Check your contract
As well as the statutory minimum payout, your contract of employment may include enhanced terms for redundancy. For example, one month's redundancy pay for each full year worked is a common uplift. Therefore, check your written contract to find out what is potentially up for grabs.

Always negotiate
When redundancy looms, workers who leave meekly and without a fuss simply leave money on the table for bold bargainers to pick up.

Most bosses hate to make people redundant, as they prefer to avoid the stress of arguments, accusations and strong emotions. Therefore, striking a bargain to leave quickly and quietly usually produces higher payouts. Consider this extra cash a reward for showing your employer an easy way out.

Demand enhanced benefits
Instead of asking for a higher redundancy settlement, try negotiating for higher non-cash and other benefits. This is particularly tax-efficient if your payout via payroll is likely to exceed the £30,000 tax-free limit for redundancy payouts.

Extra benefits could include an enhanced pension or an additional tax-free lump sum paid into your pension pot, keeping your company car or mobile phone, continued medical and/or dental insurance, even share payouts. Comb your contract to find out what benefits you can utilise as bargaining chips.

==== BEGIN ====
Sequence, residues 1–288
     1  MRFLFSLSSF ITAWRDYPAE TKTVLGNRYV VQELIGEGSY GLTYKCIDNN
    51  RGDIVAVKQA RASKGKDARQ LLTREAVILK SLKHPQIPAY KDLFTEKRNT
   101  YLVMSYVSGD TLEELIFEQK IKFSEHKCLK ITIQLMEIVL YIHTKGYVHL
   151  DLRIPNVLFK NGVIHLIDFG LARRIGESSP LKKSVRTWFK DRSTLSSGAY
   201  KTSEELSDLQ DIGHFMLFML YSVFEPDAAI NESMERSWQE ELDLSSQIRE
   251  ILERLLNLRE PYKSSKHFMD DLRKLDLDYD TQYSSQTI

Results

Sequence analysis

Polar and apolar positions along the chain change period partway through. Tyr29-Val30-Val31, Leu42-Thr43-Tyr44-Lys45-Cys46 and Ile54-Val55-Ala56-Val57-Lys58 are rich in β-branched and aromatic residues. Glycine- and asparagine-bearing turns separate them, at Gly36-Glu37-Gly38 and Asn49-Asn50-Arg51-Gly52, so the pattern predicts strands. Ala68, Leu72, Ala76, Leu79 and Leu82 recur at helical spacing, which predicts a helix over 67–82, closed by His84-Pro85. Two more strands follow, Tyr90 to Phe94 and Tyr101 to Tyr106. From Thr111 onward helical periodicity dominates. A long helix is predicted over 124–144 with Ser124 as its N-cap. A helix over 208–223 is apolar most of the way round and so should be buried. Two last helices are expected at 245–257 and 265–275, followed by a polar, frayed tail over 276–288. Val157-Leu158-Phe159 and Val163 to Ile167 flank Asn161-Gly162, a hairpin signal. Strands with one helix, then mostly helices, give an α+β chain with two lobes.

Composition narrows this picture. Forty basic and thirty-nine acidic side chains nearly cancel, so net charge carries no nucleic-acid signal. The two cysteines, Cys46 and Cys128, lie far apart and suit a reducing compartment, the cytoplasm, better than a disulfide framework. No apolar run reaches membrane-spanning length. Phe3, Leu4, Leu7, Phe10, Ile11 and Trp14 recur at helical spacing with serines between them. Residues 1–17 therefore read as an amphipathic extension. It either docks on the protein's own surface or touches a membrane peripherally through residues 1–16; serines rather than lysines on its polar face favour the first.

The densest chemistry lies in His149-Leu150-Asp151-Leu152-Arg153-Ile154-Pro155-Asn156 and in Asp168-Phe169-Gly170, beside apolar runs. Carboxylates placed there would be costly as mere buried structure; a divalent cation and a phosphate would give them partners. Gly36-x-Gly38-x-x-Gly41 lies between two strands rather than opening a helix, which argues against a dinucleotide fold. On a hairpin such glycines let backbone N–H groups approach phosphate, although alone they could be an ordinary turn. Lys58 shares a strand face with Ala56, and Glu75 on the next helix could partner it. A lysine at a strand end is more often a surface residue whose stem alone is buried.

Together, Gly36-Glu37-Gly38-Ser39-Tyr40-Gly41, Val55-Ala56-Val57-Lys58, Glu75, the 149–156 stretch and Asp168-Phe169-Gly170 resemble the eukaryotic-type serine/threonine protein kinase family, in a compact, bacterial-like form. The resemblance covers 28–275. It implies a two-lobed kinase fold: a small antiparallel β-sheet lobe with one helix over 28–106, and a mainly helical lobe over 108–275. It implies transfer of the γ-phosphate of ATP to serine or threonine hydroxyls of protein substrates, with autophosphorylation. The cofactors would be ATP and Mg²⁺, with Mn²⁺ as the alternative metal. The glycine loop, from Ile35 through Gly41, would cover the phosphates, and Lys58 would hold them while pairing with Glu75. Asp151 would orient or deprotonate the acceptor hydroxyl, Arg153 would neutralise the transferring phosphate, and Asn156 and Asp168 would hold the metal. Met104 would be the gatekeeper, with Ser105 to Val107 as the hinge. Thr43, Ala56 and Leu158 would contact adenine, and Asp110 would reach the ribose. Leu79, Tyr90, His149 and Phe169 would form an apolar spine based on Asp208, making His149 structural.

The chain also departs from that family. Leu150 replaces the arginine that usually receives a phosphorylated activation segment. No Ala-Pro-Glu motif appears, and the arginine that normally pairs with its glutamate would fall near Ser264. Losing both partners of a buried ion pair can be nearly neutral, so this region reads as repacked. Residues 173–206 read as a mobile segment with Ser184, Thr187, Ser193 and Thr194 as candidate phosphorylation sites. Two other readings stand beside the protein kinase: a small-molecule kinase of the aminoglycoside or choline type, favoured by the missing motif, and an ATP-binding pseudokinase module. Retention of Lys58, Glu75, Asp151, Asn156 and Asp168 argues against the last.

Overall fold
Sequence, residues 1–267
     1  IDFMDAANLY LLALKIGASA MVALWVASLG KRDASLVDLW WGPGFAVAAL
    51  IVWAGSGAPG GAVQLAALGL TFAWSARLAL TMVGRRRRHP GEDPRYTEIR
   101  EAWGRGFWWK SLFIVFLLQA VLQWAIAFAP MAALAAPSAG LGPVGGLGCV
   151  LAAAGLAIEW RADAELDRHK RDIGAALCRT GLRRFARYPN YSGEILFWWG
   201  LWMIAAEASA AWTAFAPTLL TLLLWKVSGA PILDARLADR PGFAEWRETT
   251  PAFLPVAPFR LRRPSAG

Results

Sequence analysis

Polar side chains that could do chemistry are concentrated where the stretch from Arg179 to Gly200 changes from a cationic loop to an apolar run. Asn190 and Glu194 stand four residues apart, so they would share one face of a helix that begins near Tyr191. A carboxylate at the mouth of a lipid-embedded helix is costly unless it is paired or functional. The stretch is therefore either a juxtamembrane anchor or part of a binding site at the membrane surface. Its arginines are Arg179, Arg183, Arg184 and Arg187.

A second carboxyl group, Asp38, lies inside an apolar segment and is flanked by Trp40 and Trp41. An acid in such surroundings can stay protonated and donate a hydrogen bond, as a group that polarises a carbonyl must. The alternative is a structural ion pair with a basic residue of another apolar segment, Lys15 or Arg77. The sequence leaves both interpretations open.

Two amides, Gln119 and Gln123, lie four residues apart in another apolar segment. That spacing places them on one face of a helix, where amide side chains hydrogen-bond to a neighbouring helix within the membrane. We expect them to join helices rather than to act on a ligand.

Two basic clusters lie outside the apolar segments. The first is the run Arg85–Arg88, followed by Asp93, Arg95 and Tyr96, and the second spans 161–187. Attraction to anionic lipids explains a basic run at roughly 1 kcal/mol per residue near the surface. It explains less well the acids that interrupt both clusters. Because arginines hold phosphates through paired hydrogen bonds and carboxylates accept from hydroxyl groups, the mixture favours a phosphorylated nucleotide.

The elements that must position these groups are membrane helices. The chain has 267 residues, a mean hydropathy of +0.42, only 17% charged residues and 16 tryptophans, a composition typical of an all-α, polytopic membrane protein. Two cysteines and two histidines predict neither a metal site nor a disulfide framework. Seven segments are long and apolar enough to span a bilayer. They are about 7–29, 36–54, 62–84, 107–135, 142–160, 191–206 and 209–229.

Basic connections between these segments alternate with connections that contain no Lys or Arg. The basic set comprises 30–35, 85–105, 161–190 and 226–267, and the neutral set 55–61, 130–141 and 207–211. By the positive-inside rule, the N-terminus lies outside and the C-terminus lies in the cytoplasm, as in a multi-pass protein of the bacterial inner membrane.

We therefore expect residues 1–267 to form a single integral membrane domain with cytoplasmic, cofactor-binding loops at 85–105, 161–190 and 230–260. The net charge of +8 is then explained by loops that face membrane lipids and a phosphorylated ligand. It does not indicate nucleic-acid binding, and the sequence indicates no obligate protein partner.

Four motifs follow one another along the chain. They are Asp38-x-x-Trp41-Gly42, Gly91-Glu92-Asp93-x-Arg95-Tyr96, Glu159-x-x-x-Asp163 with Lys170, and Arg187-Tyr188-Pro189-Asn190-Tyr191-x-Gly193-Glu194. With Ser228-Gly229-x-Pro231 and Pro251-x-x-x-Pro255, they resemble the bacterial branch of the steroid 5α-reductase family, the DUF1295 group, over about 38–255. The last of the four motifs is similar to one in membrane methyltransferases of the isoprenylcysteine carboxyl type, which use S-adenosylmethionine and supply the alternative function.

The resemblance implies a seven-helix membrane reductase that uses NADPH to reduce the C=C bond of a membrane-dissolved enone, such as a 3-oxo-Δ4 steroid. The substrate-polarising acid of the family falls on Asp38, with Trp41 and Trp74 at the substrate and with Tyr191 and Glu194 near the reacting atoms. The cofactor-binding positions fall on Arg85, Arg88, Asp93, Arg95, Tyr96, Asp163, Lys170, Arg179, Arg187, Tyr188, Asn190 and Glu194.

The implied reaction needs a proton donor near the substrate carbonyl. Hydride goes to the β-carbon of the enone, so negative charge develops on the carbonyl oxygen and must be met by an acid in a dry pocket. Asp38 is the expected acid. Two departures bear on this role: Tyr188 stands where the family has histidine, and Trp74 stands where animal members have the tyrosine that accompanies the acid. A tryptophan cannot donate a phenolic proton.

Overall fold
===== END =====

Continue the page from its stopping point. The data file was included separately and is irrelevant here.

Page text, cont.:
Sign a 'no-compete clause'
If you are in a middle-management or senior position, then your top bosses may not want to see jump ship to a major rival. Offering to sign a no-compete clause for, say, six or 12 months can pay dividends.

For example, more than a decade ago, I agreed to a 12-month no-compete agreement with one employer. By agreeing to this restriction, my exit package almost trebled -- even though I had no intention of ever working in that field again!

Agree a 'compromise agreement'
Your employer may struggle to find good reasons to make you join the redundancy herd. If you believe that this is the case (probably based on your experience, length of service and role), then you could smooth your path to the exit.

One way to do this is to agree a legal document known as a 'compromise agreement' to restrict your legal rights to sue your employer for wrongful dismissal, discrimination, etc. However, you should only sign this document in return for a substantial payout, as going down this route will restrict any future legal remedies against an ex-employer.

Hire a solicitor
Lastly, if you're finding your exit negotiations especially difficult, then it may be worth your while consulting a lawyer with expertise in employment law. You can do this by searching the Law Society database.

For instance, when leaving my last job as a 'suit', my company offered to pay £500 towards my legal fees. This sum got me two hours with a partner at a local firm who explained my options in full. In the end, I agreed to take what was on offer, but this legal consultation provided welcome reassurance.

Have you ever successfully negotiated a higher exit package? Please tell us how you did it in the comments box below...



More stories